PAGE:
Practice allyship all year-round

While June is Pride Month, it’s your job as a senior leader to show LGBTQ+ employees you’re committed to inclusion all year round. Consider updating company mission statements to reflect a commitment to inclusivity, and taking a second look at workplace policies and benefits. For example, offering paid leave for gender reassignment, ensuring equal parental leave for employees regardless of gender, and establishing an inclusive dress code. Consider making changes in the office such as gender-neutral toilet facilities, and updating onboarding paperwork to give employees freedom and flexibility with regards to names and pronouns. By practicing allyship throughout the year, you contribute to a more inclusive and equitable workplace where the rights and wellbeing of the LGBTQ+ community are prioritised every single day.

Don’t expect to be perfect right away 

During the process of becoming an ally, it’s possible that you’ll unintentionally do or say something that upsets others. It’s crucial to approach these situations with humility, openness, and a willingness to learn. Take responsibility for your actions, apologise sincerely if needed, and use those experiences as opportunities for growth and education. Remember, allyship is an ongoing process of learning, unlearning, and evolving. By acknowledging your imperfections and committing to continuous improvement, you demonstrate your genuine dedication to creating an inclusive and affirming environment for everyone.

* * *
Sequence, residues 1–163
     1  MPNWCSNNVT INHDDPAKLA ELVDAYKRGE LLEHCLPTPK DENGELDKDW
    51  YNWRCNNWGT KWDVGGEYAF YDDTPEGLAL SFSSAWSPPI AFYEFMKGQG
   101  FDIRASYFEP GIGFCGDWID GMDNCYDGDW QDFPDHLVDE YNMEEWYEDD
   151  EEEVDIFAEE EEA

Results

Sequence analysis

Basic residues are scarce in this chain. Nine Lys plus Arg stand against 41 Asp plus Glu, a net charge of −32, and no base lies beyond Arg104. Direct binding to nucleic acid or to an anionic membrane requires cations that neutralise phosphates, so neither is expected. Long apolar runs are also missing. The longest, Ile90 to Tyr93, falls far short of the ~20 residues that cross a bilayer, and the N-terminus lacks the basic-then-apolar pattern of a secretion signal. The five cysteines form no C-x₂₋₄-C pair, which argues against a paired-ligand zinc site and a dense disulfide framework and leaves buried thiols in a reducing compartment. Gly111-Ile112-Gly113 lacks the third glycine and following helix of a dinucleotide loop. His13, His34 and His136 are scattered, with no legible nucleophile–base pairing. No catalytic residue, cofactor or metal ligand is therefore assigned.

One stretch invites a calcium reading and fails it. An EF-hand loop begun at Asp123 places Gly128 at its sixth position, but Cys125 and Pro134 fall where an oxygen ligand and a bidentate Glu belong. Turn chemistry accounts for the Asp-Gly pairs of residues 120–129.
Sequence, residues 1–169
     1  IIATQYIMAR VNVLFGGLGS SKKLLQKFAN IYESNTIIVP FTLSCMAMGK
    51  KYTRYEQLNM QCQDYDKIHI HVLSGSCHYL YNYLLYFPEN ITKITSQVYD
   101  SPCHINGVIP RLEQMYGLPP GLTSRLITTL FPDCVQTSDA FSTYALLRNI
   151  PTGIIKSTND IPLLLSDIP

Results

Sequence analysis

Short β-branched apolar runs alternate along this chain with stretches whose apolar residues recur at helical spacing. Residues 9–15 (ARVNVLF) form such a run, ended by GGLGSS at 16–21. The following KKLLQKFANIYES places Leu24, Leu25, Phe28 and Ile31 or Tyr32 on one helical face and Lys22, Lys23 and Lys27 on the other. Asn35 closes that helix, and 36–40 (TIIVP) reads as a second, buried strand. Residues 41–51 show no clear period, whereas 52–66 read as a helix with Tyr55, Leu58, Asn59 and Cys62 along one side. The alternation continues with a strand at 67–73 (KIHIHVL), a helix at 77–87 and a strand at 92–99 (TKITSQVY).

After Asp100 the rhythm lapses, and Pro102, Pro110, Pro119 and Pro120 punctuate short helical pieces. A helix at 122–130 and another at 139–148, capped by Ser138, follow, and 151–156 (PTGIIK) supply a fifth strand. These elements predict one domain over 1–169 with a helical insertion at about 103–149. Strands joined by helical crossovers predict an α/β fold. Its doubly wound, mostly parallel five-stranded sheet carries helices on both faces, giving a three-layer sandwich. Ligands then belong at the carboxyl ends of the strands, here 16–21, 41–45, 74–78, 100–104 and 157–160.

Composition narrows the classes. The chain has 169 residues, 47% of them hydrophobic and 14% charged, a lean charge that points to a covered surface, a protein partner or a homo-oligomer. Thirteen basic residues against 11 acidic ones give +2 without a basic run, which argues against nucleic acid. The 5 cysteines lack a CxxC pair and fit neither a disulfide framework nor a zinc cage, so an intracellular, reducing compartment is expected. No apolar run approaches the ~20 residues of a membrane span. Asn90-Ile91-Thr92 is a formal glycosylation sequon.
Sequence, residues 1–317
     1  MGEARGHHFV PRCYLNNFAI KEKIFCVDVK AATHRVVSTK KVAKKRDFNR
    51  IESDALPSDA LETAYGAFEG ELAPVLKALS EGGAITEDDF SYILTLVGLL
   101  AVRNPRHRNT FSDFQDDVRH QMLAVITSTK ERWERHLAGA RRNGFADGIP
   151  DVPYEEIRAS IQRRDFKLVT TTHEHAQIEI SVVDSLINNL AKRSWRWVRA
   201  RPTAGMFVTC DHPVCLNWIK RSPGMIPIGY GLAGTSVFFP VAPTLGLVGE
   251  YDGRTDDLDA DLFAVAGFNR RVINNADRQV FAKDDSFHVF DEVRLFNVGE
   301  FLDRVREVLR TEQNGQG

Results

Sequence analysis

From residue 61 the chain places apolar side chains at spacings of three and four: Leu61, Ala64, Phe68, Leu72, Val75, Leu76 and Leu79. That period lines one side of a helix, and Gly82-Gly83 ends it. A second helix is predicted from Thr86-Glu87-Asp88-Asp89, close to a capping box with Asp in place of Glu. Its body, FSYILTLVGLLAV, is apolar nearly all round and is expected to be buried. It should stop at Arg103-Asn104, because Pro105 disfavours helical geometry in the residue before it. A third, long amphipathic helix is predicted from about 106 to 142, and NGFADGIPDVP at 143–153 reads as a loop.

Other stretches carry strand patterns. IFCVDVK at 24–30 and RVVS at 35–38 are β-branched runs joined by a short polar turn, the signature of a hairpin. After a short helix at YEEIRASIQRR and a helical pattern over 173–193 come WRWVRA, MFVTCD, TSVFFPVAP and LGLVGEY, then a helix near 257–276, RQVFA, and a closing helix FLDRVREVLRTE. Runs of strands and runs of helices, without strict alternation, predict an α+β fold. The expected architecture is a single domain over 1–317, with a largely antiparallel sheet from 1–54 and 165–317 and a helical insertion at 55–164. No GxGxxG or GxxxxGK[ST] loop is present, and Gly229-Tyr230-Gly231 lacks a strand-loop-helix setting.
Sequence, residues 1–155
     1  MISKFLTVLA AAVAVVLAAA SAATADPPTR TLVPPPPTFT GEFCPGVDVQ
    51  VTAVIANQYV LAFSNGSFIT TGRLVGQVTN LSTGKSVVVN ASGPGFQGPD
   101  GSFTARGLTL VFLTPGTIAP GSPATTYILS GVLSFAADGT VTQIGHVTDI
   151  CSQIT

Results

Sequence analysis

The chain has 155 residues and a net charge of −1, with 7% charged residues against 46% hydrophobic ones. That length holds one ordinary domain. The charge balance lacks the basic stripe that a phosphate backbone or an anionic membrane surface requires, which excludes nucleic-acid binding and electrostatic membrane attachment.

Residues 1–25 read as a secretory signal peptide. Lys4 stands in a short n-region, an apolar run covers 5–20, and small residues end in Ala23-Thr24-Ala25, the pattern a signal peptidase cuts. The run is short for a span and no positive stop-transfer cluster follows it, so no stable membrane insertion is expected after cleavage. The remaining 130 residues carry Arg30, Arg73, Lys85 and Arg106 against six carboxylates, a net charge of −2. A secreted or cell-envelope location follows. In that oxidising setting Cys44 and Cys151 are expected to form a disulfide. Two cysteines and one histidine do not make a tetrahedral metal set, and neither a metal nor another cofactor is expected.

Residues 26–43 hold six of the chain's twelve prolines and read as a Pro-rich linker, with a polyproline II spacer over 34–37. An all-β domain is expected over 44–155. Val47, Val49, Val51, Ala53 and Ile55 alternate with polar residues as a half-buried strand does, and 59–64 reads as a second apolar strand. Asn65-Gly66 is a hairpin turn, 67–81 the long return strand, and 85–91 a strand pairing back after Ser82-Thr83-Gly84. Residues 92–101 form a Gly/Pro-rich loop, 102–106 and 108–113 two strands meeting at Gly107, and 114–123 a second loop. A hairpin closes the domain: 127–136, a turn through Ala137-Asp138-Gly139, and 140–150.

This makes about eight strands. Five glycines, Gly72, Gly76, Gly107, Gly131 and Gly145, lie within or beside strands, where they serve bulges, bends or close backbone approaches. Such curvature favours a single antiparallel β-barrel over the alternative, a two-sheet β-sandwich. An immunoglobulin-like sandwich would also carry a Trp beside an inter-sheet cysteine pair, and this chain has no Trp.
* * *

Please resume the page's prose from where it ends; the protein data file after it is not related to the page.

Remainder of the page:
Include ED&I metrics as part of measuring performance

To truly promote inclusion within your organisation, it’s a good idea to include ED&I metrics as part of performance evaluations for managers across the company. After all, what gets measured, gets done. This means tracking and assessing progress towards inclusivity goals and incorporating them into overall performance assessments. These metrics can cover things like representation across different levels of the company, employee satisfaction surveys, promotion rates for different groups, and diversity in recruitment and retention efforts. By using these metrics, leaders can identify areas for improvement, set targets, and implement specific strategies.

Ultimately, being an ally as a senior leader is as much about deeds as it is words. It takes work and commitment to create a workplace culture that embraces authenticity, equality, and inclusion. By translating your intentions into meaningful actions during Pride month and beyond, you can create a workplace where all employees – regardless of their sexual orientation or gender identity – feel valued, respected, and empowered to thrive. 

At GRG Executive Search, we’re taking the lead for an equal future, and consistently review and refine our approach to supporting diverse talent. For a confidential discussion about how I can support your executive search requirements, don’t hesitate to get in touch with me on